In keeping with Beckwith’s thesis that in the period between 2000-1000 BCE a series of cultures arose as syntheses between Indo-Europeans and the sedentary polities of distant antiquity he concludes that Central Eurasians are the spiritual ancestors of modern people, and not the Sumerians, or Egyptians, or the people of the Indus Valley civilization. This is naturally a contentious point. It is for example often noted that of the gods of ancient Greece only Zeus is of undisputed Indo-European origin, even the Mycenaean Greeks may mostly have been culturally indigenized! (or barely Indo-Europeanized if you invert it) Buddhism, arguably India’s most impacting cultural export, has been argued by many scholars to be one example of a reemergence of some of South Asia’s indigenous religious strands after a period of Vedic Indo-Aryan cultural domination. And so on. I can grant that the ethos of the Heartland was powerful, the expanse of the Indo-European and Turkic languages are manifest evidence of this, but I am not eager to abandon one biased narrative from another. The nature of modern civilization, and its antecedents, are complex. Empires of the Silk Road is admirable at exploring one particular neglected strand, but I’d rather not turn that tree into the forest just yet.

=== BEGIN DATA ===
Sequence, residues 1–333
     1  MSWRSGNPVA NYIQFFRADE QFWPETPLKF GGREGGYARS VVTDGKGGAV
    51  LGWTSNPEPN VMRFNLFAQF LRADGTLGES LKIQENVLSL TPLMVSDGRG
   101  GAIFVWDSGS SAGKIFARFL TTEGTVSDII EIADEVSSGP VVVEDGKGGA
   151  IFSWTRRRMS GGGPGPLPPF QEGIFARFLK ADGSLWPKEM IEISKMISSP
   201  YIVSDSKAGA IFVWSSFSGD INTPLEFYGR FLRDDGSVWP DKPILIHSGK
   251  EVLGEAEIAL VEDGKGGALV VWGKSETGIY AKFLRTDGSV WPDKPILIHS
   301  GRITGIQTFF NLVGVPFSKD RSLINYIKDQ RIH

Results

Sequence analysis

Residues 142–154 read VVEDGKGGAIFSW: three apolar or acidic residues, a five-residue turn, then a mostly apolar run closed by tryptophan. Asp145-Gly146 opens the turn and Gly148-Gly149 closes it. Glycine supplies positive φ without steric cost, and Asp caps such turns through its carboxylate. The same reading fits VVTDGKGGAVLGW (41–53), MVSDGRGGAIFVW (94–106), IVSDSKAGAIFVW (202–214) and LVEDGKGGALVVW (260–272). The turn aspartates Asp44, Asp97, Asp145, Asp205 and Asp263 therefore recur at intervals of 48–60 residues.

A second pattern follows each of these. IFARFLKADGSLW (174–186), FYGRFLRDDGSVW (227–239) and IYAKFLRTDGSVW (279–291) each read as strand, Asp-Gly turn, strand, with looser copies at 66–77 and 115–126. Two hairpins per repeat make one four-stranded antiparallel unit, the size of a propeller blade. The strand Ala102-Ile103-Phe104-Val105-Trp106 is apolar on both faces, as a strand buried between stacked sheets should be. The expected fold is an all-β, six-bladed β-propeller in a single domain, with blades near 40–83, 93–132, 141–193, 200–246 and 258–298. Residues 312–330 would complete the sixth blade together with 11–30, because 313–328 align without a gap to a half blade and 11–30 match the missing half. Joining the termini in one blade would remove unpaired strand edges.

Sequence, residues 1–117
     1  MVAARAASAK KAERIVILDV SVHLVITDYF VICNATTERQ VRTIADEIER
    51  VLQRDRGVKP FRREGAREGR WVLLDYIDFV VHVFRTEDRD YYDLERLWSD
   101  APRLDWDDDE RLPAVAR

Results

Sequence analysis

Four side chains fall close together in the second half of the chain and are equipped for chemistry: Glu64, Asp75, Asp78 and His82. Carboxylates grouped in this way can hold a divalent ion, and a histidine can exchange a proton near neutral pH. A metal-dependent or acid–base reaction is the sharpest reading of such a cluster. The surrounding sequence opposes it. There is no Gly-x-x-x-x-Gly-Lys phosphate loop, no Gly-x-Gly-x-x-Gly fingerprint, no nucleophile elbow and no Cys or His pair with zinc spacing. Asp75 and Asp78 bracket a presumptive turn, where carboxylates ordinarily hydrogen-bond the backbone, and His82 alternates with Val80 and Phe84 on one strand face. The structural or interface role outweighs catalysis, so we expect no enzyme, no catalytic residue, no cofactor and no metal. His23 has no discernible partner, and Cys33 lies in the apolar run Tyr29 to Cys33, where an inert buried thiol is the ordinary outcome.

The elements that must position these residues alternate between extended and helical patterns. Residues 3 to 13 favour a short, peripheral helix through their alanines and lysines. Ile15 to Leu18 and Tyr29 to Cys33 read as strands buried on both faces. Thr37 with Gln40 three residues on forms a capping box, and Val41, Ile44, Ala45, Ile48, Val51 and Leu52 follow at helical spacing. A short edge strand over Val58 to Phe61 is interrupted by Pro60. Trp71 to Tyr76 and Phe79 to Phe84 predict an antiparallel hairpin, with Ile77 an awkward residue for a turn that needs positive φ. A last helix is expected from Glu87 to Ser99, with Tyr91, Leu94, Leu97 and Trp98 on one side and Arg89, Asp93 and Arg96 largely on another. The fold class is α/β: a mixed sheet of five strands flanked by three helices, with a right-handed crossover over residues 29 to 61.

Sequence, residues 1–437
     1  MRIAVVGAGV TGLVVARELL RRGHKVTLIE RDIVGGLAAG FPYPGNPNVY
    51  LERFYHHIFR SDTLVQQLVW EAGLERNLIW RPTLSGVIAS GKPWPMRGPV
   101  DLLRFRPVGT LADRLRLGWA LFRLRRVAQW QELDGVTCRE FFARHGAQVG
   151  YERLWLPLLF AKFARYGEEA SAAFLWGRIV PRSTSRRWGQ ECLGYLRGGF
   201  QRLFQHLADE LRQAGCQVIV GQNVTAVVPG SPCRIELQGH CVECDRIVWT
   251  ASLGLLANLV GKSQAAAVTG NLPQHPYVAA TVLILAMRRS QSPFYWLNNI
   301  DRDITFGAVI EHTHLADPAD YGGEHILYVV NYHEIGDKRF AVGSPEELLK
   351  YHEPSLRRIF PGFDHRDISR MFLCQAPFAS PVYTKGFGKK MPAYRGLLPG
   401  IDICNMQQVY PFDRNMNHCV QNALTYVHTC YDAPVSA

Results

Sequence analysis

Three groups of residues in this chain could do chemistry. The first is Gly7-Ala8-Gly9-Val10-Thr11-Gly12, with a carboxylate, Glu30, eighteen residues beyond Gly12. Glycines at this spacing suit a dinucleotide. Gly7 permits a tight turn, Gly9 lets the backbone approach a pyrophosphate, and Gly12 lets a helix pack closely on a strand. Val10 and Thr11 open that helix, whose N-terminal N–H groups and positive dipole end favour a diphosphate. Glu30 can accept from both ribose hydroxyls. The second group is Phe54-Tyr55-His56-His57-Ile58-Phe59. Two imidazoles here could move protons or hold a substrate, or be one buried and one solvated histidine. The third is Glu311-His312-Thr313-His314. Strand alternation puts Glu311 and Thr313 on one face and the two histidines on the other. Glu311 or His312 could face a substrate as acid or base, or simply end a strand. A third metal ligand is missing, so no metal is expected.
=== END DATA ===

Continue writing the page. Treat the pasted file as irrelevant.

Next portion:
Note: I want to emphasize that did not touch upon many aspects of Christopher Beckwith’s argument. When I say that the book is dense, I mean it is dense.



  1. Beckwith’s anti-modernism should appeal to Mencius here. He said some interesting things, but basically it was grumpy old man stuff, and not really appropriate to the rest of the book. (I looked at his Indiana U. Home page, and he’s not that old — 64).  
    He’s an old-style philologist, historical linguist and orientalist of the oreintalizing type. His linguistic writings look impressive — history must be sort of a sideline, though he does very well. The skills of the two disciplines are quite different, though both involve lots of detail work. 
    The four Amazon reviews gave it 4-3-2-1 stars. No one dared to give zero. The low rankings were because it was too technical (sorry, gut, if you don’t know who the Avars are, for example, this book isn’t for you), and because the anti-modernism was offensive. (I actually skipped the polemical chapter.)